People ask us often what we carry in our backpacks, amazed that for the last three years, everything that we survive on fits into 130 litres of space combined. We will divulge of all the contents, and we both feel a sense of pride in their astonishment that we can be happy without all the things that we are expected to have: a house, cars, clothes without holes in them.
It wasn’t always that way. When we first sold our stuff, some of the feelings I had about it took me by surprise. I was no longer the person with the wardrobe full of Burberry shirts, I no longer drove the Toyota Highlander, or lived in that house with the big backyard at the corner of the cul-de-sac. I felt like I had lost some of my identity when I stripped away those “things”.
I felt a little naked, a little exposed without these things to surround myself with.
That feeling did pass when I realized that there were things that could never be taken away from me, things that form my true identity. All the traits and even flaws that make up who I am: my sense of humor, my love for my family and friends, and even the years of school and training that shaped me into the professional that I was.
I believed that my education could never leave me. I was wrong.
I had worked hard to obtain my Certified Management Accountant designation. Not only was it six plus months of studying to even get into the program, it was also countless hours preparing assignments, giving presentations, and sacrificed time with Dalene to get those three letters “CMA” behind my name. After almost three years of hard work, I had earned it. At least, I thought I had.
To remain in good standing with the association, there are several things required, one of them being an annual fee of $1,000. While I was working, my employer would pay for these fees and I would just have to worry about the other requirements (continuing education, etc). But, living the life I am now, $1,000 is a difficult sum. For the past few years, while we have been traveling, volunteering, and even beginning to build our own business, we have yet to entirely cover our costs of living despite being diligent about keeping them extremely low.
The CMA does give some reprieve for those with income difficulty, or for those retired and at the age of 55. For the first two years, I pleaded with various people in the organization, explaining how I was traveling and volunteering and was still keeping up on the professional development requirements, yet could not afford to pay the fees. After countless emails and requests, my fees were reduced in the first year and dismissed in the second.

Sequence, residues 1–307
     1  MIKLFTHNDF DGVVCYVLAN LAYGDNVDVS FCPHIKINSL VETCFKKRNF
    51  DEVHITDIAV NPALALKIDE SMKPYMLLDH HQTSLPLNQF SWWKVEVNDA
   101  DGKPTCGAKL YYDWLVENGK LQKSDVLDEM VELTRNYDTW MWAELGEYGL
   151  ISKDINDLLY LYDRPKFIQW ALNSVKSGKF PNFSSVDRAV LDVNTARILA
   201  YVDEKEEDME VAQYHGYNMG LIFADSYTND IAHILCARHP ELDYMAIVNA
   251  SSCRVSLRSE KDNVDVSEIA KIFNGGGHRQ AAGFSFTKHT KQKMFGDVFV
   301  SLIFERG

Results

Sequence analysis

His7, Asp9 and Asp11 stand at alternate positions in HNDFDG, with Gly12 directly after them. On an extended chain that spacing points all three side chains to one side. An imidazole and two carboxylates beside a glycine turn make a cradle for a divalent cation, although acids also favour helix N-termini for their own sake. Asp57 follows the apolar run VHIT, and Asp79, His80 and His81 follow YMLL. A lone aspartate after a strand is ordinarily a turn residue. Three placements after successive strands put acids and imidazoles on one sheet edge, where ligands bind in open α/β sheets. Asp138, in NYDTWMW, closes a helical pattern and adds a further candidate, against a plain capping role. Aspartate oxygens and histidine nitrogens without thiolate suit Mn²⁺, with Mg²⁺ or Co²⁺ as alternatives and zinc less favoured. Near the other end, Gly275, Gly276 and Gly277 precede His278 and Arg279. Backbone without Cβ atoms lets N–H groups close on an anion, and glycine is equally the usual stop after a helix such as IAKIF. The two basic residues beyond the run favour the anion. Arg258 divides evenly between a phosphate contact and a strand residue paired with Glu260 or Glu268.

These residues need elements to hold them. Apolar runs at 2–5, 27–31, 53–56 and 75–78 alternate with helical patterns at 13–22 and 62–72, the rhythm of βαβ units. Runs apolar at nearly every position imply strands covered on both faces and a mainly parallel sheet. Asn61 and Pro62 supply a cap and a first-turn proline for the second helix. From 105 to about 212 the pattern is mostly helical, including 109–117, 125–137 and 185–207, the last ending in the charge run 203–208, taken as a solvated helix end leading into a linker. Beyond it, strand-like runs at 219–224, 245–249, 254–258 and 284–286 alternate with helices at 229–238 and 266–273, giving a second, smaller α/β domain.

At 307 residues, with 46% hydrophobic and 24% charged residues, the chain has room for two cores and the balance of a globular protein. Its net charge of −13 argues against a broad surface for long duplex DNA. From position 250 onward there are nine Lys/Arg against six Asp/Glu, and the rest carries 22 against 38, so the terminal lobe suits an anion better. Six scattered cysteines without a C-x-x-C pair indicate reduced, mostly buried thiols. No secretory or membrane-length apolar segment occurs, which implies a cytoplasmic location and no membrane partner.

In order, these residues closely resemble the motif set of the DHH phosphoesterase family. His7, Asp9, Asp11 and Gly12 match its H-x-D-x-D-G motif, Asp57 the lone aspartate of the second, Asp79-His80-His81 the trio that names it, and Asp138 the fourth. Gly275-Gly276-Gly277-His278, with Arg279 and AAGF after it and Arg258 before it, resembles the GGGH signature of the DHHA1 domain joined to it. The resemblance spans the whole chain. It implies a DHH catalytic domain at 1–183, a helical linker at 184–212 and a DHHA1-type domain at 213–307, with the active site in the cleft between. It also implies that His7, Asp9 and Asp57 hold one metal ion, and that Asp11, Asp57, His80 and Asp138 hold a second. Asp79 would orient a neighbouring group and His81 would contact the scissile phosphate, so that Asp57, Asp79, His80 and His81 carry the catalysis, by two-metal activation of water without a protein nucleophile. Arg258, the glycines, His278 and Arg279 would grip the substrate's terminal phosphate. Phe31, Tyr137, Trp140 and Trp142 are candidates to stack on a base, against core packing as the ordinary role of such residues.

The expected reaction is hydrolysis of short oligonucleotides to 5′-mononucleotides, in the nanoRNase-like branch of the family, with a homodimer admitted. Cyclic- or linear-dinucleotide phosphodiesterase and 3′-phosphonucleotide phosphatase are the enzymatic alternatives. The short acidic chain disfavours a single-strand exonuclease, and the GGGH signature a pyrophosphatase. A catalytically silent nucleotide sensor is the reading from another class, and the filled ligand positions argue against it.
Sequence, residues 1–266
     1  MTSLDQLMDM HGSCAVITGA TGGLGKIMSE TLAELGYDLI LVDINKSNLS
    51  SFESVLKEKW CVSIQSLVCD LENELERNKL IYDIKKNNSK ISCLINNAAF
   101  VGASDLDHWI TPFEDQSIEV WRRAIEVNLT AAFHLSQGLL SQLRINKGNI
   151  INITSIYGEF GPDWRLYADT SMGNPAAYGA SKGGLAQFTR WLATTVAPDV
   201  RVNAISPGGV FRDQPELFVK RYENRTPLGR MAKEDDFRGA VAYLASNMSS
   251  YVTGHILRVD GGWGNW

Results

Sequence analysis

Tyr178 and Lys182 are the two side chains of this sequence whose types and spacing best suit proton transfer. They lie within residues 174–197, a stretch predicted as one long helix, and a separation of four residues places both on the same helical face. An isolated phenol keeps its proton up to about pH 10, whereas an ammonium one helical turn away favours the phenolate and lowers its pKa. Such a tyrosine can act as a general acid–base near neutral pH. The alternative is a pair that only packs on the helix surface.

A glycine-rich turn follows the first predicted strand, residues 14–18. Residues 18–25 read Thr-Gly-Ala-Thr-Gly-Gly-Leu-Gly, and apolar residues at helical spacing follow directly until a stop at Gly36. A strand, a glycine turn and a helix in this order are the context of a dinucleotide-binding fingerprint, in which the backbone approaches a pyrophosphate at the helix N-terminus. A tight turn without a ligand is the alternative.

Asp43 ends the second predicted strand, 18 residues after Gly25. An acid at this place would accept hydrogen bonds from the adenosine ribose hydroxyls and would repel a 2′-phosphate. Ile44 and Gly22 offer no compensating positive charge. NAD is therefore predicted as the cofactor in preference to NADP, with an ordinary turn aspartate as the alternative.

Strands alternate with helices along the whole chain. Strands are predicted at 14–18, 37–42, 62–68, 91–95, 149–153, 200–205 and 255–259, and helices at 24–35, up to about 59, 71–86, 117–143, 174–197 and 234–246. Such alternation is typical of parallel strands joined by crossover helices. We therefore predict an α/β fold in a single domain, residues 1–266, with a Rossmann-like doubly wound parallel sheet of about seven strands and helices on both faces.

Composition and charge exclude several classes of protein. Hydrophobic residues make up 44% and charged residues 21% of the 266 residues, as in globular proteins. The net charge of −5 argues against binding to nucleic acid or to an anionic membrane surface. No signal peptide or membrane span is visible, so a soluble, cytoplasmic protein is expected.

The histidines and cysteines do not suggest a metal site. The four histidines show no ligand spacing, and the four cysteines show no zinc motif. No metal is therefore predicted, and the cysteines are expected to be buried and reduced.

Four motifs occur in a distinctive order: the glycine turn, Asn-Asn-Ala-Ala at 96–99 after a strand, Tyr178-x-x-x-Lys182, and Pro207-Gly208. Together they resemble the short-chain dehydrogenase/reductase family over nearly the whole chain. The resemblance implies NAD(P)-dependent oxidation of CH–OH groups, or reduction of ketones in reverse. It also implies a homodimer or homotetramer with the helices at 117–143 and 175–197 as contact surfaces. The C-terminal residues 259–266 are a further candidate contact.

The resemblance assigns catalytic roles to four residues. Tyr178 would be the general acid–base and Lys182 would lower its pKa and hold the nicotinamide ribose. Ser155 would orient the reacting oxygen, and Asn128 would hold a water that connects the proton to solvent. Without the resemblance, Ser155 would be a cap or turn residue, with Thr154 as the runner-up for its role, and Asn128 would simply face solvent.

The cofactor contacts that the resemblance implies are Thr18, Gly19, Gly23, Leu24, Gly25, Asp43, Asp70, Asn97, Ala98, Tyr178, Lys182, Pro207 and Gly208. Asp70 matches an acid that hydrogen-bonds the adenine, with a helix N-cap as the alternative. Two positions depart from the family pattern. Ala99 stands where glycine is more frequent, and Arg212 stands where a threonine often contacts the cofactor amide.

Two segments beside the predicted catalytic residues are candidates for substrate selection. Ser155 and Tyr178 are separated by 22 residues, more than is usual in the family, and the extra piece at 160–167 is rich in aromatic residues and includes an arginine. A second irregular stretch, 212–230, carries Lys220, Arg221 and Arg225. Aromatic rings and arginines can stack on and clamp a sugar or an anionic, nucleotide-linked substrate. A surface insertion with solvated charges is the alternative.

In this third year, while we work hard to build our business on the road, I could not afford to pay the fees again. And this time, knowing the hard road ahead of me to convince them, I had lost the will to fight. Instead, I talked it over with Dalene and we decided that this year I would offer to resign my letters, with a full explanation as to why. It was not a decision we came to easy, knowing that once I did this, there would be no getting them back unless I completed the program all over again.
Then a letter came, with the following excerpt:
Accordingly, we expect your CMA certificate(s) to be returned to CMA Alberta within 30 days from the date of this letter. If your certificate is not retrieved in the time period prescribed, CMA Alberta will have no other alternative then to send out a process server to collect the certificate and/or proceed with legal action.
I was shook up, hurt, angry, disappointed, and even embarrassed. Here is an organization which I gave so much time to, and their answer made me feel like a common criminal. Instead of seeing me as a valuable member which whom they wanted to keep as part of their team, all I was to them was a guy who donated $1,000 each year. I felt embarrassed for having expected that maybe they had an ounce of understanding, that they could have at least initiated a conversation. That they could have acknowledged my almost one full year of volunteering with those less fortunate, and my current efforts to create a new business (which would have led to me paying their fees in due time).
But instead, just the letter, and with the threat of legal action, no less. The slap in the face of having to send back the certificate was almost comical.
That is their choice. If I can’t play by their rules, then I have to accept their ruling.
In the end, it may never make a difference in my life. I don’t plan to sit behind a cubicle desk again, and hope to never have to work for a person or corporation that would ever care about that status. And after the sting of this has faded, it’s just another tangible thing that isn’t truly a part of who I am anyways. I am the same person I was before and I still carry the knowledge and confidence that the entire CMA program taught me.
I just don’t have proof of it. That certificate is yet another thing I’ve had to leave behind.